This text amendment to the LDO comes at the request of the Board of Adjustment, which found itself dealing with people who wanted to improve their property by adding to or renovating their porches and who had discovered, when they applied for a building permit, that their houses had become nonconforming when the ordinance went into effect due to the placement of the two houses on either side. They discovered the city wouldn’t grant them a building permit without a variance, sometimes for what were minor improvements to their porch, like adding columns, when those improvements increased the size.
The Board of Adjustment, to its credit, almost uniformly granted these requested variances.
At one Board of Adjustment meeting when this was discussed, it was brought up that on streets that are straight, having all the houses set back the same distance from the street might make sense if you think all houses should look as much alike as possible, but on streets that curve, as many residential streets in Greensboro do, it doesn’t look uniform because the street isn’t uniform.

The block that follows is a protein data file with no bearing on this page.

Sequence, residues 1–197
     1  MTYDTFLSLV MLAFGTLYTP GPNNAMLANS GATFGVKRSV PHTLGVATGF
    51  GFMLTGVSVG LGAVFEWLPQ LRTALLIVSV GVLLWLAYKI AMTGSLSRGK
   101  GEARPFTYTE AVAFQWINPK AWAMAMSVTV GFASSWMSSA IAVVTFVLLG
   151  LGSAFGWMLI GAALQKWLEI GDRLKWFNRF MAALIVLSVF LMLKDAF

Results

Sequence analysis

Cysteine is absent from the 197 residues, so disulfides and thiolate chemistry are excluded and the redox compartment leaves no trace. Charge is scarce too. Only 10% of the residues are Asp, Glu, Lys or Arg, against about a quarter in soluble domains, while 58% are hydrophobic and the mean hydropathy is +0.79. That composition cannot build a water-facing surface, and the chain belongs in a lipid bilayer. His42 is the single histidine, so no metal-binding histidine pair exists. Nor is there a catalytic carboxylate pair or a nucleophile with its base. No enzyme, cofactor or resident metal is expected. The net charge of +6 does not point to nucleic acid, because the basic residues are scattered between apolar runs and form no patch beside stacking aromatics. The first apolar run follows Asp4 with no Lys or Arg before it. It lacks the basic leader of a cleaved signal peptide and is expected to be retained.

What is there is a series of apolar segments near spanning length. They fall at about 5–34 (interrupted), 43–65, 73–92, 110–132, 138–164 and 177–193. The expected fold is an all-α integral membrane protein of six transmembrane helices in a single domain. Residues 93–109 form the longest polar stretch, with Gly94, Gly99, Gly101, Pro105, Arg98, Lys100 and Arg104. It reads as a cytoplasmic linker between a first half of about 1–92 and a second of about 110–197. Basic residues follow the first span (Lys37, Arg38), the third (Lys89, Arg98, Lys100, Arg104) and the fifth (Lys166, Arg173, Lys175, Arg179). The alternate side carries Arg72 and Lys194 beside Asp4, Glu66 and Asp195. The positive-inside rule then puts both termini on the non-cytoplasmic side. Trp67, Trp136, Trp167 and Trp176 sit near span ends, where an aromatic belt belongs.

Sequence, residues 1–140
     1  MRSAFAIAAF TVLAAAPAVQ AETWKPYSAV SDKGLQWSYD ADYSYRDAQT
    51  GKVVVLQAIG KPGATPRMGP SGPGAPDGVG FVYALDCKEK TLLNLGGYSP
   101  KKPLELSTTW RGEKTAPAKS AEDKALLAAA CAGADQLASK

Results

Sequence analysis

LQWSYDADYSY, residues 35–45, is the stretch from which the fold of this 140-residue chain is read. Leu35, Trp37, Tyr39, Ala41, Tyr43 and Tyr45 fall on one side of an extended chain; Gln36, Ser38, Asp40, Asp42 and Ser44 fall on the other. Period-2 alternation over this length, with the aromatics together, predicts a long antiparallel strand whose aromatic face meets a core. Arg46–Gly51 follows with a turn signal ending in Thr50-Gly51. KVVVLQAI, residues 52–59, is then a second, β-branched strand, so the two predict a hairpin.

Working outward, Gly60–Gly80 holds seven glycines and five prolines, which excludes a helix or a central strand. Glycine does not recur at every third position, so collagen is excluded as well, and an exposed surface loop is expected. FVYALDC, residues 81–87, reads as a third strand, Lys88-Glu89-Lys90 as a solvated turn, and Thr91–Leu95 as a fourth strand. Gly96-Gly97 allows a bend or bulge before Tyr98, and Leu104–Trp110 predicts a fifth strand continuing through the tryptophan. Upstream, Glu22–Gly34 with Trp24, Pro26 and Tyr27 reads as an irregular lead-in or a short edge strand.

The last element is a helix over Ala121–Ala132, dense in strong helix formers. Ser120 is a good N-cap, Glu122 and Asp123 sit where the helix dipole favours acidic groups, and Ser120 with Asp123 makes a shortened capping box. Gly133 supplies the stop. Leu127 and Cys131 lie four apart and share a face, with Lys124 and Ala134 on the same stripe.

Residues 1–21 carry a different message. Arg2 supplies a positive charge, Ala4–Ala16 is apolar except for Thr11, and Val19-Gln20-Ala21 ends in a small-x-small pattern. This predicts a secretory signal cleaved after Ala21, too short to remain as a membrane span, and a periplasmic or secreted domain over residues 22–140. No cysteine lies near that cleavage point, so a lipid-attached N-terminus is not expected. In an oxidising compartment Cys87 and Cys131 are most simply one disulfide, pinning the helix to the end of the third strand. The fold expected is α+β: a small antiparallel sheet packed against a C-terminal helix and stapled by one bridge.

Also – as members of the Board of Adjustment noted when dealing with one of these requests for a variance to increase the size of a front porch – the ordinance doesn’t take into consideration the lot size. The Board of Adjustment had a request from a person whose lot was 100 feet deep when the houses that determined the setback for her house were 150 feet deep. When the builder constructed the house in question it made sense to move it closer to the street so the house would have a backyard. Under the previous ordinance this was perfectly legal because the house was more than 20 feet from the street. Under the current ordinance the houses with deeper lots made her house nonconforming.